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Off Season

7 Things You Should Know Before Booking a Guided Hunt

by Kenny Myers   |  September 22nd, 2010 0

The author shot this great 184-inch bruiser on his first-ever outfitted hunt to Missouri in 2003. His story appeared in the January 2005 issue. Since then, Kenny has been on numerous outfitted hunts to many parts of North America, and he's learned a few tricks of the trade about how to book a good outfitter

Tip No. 1: Searching the Web is easy.
A wealth of information is quickly and readily available on the Internet. Search engines can flood you with many links and Web sites for evaluation. But you must be cautious when viewing “flashy” Web sites that boast nearly unbelievable statistics. This source can provide you a limited view with photos and video clips of only the biggest bucks.

Also beware of fancy lodges, big endorsements and a high volume of hunters. It is more important that you have a successful guided hunt than to be catered to as if you were in a five-star resort lodge. Small motels with restaurants can produce the best hunts because they are located where the big bucks roam.

Tip No. 2: Magazine and Internet ads are also popular.
Paid advertising is simple. It is what someone pays to be included in a printed medium or on the Internet in order to reach a large number of potential clients. Remember that the goal of marketing is to create awareness and familiarity. This doesn’t necessarily mean that an outfitter is good or bad, though. It just means that they want you to contact them, and it’s a good way to connect to a large audience.

Tip No. 3: Hunting and sportsmen shows attract many outfitters.
Attending trade shows, seminars and other outdoor events is fun. Outfitters often spend considerable amounts of money to be a part of these events. The personal contact with a representative can bring instant information and answers. But beware of huge deer mounts and pressured sales pitches. Remember, that representative’s goal is to get you to book a hunt.

Tip No. 4: Calling references is always a good idea.
This is absolutely the single most important aspect of selecting a great outfitter. If you know someone who has hunted with a prospective outfitter, then this can be extremely helpful. But just don’t take his or her word for it — check with others. Buy a calling card with lots of minutes and call at least a half dozen references. You can find out critical information and learn about other outfitters, too.

If several references are delivering the same, consistent message, then most likely you have landed very accurate information on the outfitter. References who have hunted several times with the outfitter and/or have gone on other guided hunts can be the most discerning and helpful. Take plenty of notes!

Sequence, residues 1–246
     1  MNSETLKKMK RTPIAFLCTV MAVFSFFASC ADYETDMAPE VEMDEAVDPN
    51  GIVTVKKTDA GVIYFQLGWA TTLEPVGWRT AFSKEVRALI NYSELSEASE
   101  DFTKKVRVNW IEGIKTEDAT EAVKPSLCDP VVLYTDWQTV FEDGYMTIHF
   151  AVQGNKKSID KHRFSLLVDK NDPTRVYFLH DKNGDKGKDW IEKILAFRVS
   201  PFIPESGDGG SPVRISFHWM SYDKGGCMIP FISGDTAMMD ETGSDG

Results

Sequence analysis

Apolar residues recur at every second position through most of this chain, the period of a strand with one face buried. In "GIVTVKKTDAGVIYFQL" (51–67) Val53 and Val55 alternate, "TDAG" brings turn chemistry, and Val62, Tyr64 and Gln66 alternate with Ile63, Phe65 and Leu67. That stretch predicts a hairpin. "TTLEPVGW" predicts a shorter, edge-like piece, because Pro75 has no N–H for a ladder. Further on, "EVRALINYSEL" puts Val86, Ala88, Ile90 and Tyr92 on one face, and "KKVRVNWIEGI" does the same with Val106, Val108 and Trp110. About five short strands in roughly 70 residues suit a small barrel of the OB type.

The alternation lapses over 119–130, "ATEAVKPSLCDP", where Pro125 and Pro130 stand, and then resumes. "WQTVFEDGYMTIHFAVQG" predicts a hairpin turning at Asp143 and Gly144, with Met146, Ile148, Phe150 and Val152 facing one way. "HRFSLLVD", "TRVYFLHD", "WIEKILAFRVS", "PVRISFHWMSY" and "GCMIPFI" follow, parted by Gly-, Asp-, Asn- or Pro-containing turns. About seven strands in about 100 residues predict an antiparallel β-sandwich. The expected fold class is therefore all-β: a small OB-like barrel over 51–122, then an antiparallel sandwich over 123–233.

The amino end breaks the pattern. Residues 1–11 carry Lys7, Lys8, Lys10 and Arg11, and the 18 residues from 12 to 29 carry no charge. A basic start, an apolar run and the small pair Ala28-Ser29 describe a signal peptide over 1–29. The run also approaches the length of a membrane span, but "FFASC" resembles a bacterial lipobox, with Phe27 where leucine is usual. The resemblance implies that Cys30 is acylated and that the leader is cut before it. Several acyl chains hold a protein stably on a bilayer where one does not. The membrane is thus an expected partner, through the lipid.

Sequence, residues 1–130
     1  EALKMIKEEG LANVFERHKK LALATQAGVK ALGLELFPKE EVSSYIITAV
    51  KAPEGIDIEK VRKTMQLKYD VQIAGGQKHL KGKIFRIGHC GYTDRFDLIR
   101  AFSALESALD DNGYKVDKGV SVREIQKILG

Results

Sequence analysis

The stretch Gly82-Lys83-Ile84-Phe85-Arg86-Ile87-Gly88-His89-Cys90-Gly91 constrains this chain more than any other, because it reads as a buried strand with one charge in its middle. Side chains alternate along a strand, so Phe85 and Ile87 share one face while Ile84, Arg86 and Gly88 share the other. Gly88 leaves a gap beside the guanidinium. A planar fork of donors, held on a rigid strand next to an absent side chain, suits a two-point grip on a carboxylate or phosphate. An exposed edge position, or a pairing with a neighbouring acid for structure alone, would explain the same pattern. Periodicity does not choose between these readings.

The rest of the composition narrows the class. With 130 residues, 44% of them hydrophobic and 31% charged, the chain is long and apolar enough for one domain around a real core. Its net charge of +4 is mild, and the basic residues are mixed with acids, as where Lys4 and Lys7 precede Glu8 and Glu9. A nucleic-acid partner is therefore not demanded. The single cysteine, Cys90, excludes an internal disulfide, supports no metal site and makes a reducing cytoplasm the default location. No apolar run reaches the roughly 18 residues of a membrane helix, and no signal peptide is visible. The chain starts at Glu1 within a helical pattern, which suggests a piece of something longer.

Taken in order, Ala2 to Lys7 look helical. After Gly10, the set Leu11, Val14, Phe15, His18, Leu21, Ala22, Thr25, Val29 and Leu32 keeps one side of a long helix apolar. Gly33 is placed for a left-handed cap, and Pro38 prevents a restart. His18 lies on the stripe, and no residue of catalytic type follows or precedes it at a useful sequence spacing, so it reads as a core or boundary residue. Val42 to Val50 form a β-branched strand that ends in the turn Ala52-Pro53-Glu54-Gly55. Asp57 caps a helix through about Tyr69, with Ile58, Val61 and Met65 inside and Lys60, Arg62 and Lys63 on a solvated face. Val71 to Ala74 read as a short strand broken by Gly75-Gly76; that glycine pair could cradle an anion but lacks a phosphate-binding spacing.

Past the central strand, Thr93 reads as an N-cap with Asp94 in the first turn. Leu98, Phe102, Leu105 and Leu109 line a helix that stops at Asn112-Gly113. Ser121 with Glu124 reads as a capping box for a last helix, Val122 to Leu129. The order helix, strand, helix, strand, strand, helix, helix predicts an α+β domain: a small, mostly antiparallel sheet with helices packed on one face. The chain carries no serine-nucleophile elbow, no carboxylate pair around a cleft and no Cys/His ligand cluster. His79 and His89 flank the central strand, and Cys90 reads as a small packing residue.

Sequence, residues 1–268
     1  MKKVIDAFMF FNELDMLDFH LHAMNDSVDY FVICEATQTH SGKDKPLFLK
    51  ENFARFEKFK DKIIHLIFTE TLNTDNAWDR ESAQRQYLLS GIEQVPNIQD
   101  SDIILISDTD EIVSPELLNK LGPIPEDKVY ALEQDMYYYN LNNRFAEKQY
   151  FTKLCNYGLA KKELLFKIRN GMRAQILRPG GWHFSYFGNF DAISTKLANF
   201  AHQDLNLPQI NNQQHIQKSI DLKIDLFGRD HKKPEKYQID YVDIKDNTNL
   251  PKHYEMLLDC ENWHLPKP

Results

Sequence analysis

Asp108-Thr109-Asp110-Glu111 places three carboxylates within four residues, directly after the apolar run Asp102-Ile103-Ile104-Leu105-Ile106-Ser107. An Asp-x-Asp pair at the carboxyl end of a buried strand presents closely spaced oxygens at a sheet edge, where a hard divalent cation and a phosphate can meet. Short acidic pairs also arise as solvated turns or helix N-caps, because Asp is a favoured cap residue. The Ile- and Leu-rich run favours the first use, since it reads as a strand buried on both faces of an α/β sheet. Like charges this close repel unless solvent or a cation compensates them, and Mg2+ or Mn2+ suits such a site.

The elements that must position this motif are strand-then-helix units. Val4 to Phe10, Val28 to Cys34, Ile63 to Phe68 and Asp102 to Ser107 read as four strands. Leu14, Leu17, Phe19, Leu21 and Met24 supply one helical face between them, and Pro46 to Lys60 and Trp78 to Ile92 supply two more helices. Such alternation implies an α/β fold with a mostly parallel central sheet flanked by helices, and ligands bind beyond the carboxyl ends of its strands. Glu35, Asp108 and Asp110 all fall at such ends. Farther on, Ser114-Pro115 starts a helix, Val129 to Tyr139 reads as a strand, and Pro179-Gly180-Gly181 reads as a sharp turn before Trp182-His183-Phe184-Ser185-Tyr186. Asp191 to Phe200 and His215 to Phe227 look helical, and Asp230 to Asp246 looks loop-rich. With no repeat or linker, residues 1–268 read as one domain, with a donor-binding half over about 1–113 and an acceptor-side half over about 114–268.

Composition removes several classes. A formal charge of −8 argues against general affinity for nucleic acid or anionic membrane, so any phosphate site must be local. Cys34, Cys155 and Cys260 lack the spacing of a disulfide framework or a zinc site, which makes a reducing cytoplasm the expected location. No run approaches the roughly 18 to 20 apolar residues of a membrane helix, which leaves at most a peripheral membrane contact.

And don’t forget to ask about the most productive dates to go. Typically, a November hunt is best when there is more rut and breeding activity. Daytime buck movements will be highest during this period of time. But some early and late seasons can be quite productive as well.

Tip No. 5: Booking agents and hunting consultants can help too.
Agents and consultants who sell hunts can take the pain out of your search. But you must use the same guidelines in your selection process. Check as many references as possible with hunters who have gone on hunts booked by these agents. Speak with hunters who have gone on your prospective hunt, as well as those who went on hunts for other game. There is nothing more secure and easier than a highly competent consultant. He or she will be your friend for life!

Tip No. 6: Carefully check out TV shows and videos that recommend destinations.
It seems logical that if a professional hunter or celebrity used a specific outfitter, then that outfitter must be fair and reputable, and most likely the best available. But remember that this is free advertising for the outfitter and sometimes the hunts are free or greatly reduced in the pricing. Even though
these celebrities may be successful, it doesn’t necessarily mean that you will be. Some people may even receive preferential treatment since there is exposure to be gained. Check out these guides with the same discretion as you would any other prospect.

Tip No. 7: Ask plenty of questions.
Success rates, opportunity rates and trophy size are important items to ask about. But asking other detailed and specific questions can gain you the extra information you are seeking. Evaluating whether or not the outfitter “over-hunts” his property can be tricky, but this is something you need to know. You must consider the acreage and number of hunters. Ask how many hunters are taken per week and per year. If an outfitter is taking too many hunters, then the trophy quality and quantity will almost certainly be compromised. Young bucks may be over-harvested and mature bucks will be rare. Average B&C scores can be misleading, but those scores are a common gauge for evaluating trophy potential.

Reviewing a list of questions with both the outfitter and the references will help you gain the most knowledge (see list). Remember that outfitters are selling hunts for money. They must cash flow their operation whether they are full- or part-time. But like any other product or service, there will be variability in the quality you receive.

Your job is to make the best possible decision you can with the information you have gained from your research and phone calls. Educate yourself by calling as many outfitters and references as possible. If you do, you’ll greatly reduce the chance of having a “failed” hunt. What’s more, you’ll greatly increase your chances of tagging a trophy of a lifetime! Do your homework and good luck!

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